Chairman Jeb Hensarling

Legislation

Posted by on April 26, 2011
The Responsible Consumer Financial Protection Regulations Act establishes a bipartisan commission of five members at the Consumer Financial Protection Bureau (CFPB). H.R. 1121, introduced by Chairman Spencer Bachus facilitates robust consumer financial protection by empanelling a  five-member Commission to carry out all of the duties that would otherwise fall to the Director of the CFPB. This proposed structure of the CFPB is the same structure that has worked well for nearly every other regulatory body in this country, including the FTC, FDIC and SEC.

H.R. 1121 is identical to the bipartisan approach the House took to consumer protection during debate on financial regulatory reform in the last Congress.  However, that approach, which  received strong bipartisan support, was later dropped by the Democratic Conferees to the Dodd-Frank Act.
 
Click here to view the legislation.
Posted by on April 26, 2011

The expansive powers given to the CFPB to write rules will have far-reaching implications. Yet, the Dodd-Frank Act makes the CFPB’s judgments essentially unreviewable. The Dodd-Frank Act did include a review process, but the process is essentially meaningless . The Act allows the Financial Stability Over-sight Council to review rulemaking by the CFPB, but it must meet virtually impossible prerequisites in order to overturn any CFPB rulemaking.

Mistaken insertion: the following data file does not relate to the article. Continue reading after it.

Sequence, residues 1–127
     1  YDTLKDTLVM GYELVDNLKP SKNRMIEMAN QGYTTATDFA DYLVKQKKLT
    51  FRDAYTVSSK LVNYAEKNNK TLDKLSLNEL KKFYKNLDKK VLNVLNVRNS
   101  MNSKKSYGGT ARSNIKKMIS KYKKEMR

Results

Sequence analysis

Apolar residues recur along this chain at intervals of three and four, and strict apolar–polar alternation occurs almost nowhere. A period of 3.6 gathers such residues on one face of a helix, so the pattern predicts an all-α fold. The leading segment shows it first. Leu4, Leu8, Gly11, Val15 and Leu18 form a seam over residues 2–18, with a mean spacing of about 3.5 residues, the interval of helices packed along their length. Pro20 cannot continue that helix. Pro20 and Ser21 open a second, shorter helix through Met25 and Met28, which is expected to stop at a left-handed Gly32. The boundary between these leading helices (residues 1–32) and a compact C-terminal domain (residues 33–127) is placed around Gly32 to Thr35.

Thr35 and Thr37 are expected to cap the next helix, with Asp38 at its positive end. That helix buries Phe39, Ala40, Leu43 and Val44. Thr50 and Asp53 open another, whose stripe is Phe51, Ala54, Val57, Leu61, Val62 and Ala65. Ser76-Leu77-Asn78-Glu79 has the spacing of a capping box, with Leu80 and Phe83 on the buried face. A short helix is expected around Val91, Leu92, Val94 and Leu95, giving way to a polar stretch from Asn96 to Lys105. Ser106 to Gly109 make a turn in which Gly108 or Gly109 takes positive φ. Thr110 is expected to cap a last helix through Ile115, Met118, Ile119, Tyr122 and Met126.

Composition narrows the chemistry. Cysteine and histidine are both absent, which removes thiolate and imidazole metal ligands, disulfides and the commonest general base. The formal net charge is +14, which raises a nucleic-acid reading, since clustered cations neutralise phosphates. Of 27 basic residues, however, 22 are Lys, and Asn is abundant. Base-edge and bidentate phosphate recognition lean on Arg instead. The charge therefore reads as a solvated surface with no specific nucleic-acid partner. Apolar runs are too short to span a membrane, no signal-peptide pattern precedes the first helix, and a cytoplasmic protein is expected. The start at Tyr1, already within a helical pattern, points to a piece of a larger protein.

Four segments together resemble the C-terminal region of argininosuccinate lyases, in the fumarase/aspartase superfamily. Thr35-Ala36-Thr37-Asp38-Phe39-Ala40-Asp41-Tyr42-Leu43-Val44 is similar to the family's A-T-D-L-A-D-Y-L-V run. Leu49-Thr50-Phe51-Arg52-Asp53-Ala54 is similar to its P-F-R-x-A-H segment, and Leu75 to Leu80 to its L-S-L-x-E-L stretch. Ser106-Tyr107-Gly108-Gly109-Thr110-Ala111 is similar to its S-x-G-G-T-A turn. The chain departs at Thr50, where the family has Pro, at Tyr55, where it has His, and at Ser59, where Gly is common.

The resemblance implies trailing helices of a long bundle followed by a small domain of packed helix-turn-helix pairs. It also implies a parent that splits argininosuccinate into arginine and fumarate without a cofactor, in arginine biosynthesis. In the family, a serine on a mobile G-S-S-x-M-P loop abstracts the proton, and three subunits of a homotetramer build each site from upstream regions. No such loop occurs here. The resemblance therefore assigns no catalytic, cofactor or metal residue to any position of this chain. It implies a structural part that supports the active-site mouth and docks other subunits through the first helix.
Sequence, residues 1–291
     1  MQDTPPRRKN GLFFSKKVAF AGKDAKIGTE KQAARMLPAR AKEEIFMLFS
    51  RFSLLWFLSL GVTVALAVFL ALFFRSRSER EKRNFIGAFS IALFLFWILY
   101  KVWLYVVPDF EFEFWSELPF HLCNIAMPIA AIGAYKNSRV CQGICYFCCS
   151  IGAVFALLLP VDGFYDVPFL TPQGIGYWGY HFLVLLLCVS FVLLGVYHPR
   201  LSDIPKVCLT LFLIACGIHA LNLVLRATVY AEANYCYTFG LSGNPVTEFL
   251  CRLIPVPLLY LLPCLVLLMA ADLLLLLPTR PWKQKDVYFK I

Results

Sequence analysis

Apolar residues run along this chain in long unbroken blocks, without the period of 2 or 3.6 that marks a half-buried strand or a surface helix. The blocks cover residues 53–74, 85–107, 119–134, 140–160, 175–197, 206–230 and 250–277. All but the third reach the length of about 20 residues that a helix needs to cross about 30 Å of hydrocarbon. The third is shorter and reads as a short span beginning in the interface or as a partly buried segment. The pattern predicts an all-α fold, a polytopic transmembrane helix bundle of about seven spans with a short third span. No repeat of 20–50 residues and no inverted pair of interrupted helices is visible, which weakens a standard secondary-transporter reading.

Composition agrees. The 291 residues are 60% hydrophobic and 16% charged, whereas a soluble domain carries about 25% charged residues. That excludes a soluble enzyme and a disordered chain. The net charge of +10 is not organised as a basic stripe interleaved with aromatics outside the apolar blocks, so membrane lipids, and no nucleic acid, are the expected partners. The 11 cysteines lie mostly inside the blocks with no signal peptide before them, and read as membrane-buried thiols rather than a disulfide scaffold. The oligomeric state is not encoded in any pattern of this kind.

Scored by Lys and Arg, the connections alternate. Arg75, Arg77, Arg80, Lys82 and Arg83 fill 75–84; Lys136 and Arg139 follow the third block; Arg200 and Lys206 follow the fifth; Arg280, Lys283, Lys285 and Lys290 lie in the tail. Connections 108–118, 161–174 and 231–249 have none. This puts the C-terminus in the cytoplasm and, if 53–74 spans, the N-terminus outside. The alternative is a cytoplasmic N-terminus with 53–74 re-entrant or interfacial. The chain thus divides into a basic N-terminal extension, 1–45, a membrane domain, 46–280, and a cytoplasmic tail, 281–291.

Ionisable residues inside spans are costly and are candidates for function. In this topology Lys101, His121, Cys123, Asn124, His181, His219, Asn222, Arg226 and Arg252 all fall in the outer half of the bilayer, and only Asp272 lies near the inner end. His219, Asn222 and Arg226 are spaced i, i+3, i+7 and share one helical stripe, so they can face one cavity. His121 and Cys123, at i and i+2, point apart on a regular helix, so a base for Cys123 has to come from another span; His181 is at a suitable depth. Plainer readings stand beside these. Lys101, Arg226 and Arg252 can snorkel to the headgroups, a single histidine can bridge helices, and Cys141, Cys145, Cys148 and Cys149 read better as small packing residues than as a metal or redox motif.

Among the extreme standards the FSOC must meet to overturn a rule are:

  • Two-thirds of FSOC members must approve;
  • The FSOC must find the rule endangers the stability of the entire financial system;
  • The FSOC has only 90 days to review draft rules; and
  • A review petition must be filed within 10 days of publication in the Federal Register of the draft rule.

The Consumer Financial Safety and Soundness Improvement Act (H.R. 1315), introduced by Rep. Sean Duffy on April 1, improves the FSOC review process and makes the review process meaningful. H.R. 1315 improves the FSOC review process by changing the vote to overturn a CFPB rule from a super-majority of two-thirds of the FSOC to a simple majority; ensuring the FSOC must set aside a rule if it is inconsistent with the safe and sound operations of United States financial institutions; and giving the FSOC sufficient time to consider the safety and soundness implications of rules.

Posted by on April 26, 2011

H.R. 1182 ends the taxpayer-funded bailouts of Fannie Mae and Freddie Mac and put these two companies on a path towards privatization.  The failures of the two government-sponsored enterprises (GSEs) have directly cost taxpayers more than $150 billion. H.R. 1182 is sponsored by Rep. Jeb Hensarling.

 

 

Posted by on April 13, 2011